[The colonies are to pursue] with peaceable and loyal minds their sober, serious, and religious intentions…in holy Christian faith…[A] most flourishing civil state may stand and best be maintained…with a full liberty in religious concernments; and that true piety, rightly grounded upon Gospel principles, will give the best and greatest security to sovereignty and will lay in the hearts of men the strongest obligations to true loyalty.[73]

Maryland, 1633

In 1633, Cecil Calvert, a Catholic (known as Lord Baltimore), established the colony of Maryland. The Charter of Maryland describes him as “being animated with a laudable, and pious zeal for extending the Christian religion.”[74] In 1634, he established a policy of religious toleration that welcomed both Protestant and Catholic settlers. (At that time in world history, it was common that Catholics and Protestants alternately persecuted each other; but this colony welcomed any who were fleeing persecution, whether Catholic or Protestant—a policy very rare at that time.)

In 1649, the famous Maryland Toleration Act was passed, declaring that “No…persons… professing to believe in Jesus Christ shall [be] troubled, molested, or discountenanced for or in respect of his or her religion, nor in the free exercise thereof,”[75] thus further protecting both Catholic and Protestants. That Act provided the broadest protection of religious freedom that had been offered in the world in the 1600s.

Connecticut, 1636
Rev. Thomas Hooker

In 1633, English minister Thomas Hooker, like the Pilgrims and Puritans before him, was driven from England by the corrupt state-established national church. He came to the Puritans’ Massachusetts Bay Colony and became pastor of the Church at Newtown (now Cambridge). After observing the workings of the colony, he noticed some intolerance among Puritans there and attempted to correct it. Having little success, he asked the Bay Colony leaders and was granted permission to migrate to the Connecticut Valley.

In June 1636, he and most of his Newtown congregation (about 100 people) settled in what would become the Connecticut Colony, on land they had purchased from the Indians, at the price set by the Indians.[76] Other settlers followed, and by May 1637, 800 people had moved into the valley. In May 1638, Hooker presented an influential sermon preached before the General Court (that is, the Connecticut legislature). Three of the key principles he laid out included:

  • The foundation of civil authority is based on the willing consent of the people;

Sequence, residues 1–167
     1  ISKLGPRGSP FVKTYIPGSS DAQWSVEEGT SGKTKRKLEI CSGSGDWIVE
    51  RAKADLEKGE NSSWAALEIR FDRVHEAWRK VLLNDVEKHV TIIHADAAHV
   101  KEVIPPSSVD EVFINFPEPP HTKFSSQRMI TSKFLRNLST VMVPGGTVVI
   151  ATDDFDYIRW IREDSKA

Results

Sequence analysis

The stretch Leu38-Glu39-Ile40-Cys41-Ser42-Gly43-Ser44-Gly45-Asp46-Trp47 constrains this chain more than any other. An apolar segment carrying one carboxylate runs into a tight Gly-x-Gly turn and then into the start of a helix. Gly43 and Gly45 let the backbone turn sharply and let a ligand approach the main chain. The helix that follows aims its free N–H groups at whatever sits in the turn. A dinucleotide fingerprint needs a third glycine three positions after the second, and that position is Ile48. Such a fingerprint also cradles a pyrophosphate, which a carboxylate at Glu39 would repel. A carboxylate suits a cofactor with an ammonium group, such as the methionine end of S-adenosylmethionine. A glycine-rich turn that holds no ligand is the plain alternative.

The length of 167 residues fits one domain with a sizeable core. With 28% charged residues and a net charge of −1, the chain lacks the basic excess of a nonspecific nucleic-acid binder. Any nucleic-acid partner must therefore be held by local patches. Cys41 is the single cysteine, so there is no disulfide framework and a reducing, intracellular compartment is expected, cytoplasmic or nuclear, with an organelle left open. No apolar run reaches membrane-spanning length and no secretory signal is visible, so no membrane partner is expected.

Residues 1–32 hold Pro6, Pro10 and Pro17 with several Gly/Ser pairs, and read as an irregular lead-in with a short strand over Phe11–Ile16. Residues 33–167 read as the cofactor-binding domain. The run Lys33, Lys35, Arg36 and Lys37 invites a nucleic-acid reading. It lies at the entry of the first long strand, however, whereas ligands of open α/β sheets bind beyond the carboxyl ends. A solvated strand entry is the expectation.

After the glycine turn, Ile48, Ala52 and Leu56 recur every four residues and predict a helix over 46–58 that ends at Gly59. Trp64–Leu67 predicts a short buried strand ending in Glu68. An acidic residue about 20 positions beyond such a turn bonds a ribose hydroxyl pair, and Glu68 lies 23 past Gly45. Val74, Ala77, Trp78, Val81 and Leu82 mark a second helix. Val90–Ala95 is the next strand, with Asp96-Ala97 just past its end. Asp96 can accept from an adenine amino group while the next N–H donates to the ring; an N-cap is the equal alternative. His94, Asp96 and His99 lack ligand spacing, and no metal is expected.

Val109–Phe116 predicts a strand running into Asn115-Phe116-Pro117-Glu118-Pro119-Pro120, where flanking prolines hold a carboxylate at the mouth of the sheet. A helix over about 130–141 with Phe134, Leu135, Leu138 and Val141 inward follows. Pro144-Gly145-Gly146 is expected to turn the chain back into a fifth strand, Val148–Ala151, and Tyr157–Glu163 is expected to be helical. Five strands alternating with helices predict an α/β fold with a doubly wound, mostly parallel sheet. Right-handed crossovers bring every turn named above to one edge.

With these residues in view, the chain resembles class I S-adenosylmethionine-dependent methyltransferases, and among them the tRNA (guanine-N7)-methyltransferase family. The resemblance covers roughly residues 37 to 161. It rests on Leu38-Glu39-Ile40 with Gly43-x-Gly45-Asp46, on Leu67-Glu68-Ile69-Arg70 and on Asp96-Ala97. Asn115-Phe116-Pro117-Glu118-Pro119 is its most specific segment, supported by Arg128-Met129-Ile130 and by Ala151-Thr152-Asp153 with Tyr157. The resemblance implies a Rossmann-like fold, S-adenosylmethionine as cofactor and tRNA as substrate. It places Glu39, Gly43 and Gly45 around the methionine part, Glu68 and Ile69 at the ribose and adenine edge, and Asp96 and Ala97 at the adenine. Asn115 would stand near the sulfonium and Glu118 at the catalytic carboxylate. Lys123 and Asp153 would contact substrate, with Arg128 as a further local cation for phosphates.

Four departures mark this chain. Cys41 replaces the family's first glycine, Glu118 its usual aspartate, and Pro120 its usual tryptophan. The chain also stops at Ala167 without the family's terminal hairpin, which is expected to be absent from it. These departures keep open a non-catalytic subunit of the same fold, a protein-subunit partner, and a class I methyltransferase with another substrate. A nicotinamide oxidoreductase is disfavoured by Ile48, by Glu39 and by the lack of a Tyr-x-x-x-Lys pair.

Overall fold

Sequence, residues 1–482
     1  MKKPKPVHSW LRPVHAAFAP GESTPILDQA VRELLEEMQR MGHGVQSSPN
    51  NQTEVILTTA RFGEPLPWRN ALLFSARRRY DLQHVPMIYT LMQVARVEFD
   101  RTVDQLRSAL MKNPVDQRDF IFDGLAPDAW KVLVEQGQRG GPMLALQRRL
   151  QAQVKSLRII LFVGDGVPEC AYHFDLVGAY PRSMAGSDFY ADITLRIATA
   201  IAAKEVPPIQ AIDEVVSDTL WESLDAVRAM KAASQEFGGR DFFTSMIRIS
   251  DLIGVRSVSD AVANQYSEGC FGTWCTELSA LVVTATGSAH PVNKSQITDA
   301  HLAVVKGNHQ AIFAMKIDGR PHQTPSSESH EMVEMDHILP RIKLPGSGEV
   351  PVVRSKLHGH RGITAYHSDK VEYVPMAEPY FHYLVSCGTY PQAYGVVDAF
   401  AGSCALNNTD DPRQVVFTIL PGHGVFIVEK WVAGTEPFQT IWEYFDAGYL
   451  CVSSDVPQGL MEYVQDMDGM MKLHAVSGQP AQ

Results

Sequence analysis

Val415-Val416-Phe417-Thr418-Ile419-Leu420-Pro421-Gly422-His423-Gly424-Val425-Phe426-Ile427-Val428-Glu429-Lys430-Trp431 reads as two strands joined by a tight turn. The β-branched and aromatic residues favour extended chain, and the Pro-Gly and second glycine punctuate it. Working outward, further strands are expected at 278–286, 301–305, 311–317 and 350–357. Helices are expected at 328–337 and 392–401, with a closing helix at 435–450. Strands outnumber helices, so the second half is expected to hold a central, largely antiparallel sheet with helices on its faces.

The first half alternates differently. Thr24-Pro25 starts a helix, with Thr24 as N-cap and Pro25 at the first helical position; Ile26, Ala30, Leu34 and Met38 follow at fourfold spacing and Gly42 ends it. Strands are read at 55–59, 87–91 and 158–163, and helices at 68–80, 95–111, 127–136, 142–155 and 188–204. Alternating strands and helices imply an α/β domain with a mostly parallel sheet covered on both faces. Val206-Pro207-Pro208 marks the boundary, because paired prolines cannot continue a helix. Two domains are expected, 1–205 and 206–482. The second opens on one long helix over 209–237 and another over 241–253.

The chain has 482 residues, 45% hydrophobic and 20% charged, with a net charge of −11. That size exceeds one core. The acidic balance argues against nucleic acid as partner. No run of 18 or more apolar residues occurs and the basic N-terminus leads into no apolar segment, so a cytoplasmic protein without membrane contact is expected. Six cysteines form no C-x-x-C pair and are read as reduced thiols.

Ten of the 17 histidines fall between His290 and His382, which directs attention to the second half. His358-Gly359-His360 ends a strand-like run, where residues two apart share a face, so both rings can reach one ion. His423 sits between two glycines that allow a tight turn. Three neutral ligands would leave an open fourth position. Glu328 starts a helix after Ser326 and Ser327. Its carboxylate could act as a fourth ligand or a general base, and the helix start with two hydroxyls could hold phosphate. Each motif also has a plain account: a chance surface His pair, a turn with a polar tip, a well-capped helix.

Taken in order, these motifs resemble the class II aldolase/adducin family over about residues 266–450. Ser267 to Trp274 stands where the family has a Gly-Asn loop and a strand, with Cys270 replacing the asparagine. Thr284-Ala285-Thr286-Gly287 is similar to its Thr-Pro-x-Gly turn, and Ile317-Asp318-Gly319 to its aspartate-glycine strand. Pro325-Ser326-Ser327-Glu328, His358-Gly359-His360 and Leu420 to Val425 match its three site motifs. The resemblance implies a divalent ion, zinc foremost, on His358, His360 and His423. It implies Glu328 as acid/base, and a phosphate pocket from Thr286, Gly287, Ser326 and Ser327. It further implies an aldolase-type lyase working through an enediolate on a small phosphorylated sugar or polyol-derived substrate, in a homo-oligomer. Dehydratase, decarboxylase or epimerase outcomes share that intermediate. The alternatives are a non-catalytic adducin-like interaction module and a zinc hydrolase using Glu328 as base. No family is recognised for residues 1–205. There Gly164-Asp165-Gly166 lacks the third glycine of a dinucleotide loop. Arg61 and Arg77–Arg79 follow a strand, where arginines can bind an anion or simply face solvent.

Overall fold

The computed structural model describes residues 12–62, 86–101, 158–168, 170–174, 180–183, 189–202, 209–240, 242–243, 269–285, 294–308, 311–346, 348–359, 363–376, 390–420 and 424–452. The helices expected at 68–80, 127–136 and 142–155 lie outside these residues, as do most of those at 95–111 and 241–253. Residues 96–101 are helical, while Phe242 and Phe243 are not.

• The choice—that is, the public election—of civil officials belongs to the people by God’s own permission;
  • The people not only have power to appoint officers and magistrates but also to set the bounds and limitations of the government.[77]
In 1636, Rev. Thomas Hooker led a company from his church in Massachusetts to settle in Connecticut.

As a result of that sermon, in January 1639, the Fundamental Orders of Connecticut was penned and adopted as the colony’s first constitution. Significantly, it was the first constitution ever written in America. Early historian John Fiske wrote that “the government of the United States today is in lineal descent more nearly related to that of Connecticut than to that of any of the other thirteen colonies.”[78] (This is why Connecticut is known as “the Constitution State.”) The Christian basis of that constitution was readily apparent.

For example, it began with the inhabitants covenanting together under God “to maintain and preserve the liberty and purity of the Gospel of our Lord Jesus, which we now profess.”[79] And the oath taken by civil officials required them “to administer justice according to the laws here established, and for want [lack] thereof, according to the rule of the Word of God.”[80] The oath taken by the governor (and the magistrates) ended with these words: “I…will further the execution of justice according to the rule of God’s Word, so help me God, in the name of the Lord Jesus Christ.”[81] Some of the key principles found in that Bible-based constitution included the rule of law, popular elections, representative government, freedom of speech, local self-government, and taxes levied on the people—but only through representatives elected by the people, which certainly was not the general practice of Europe at that time.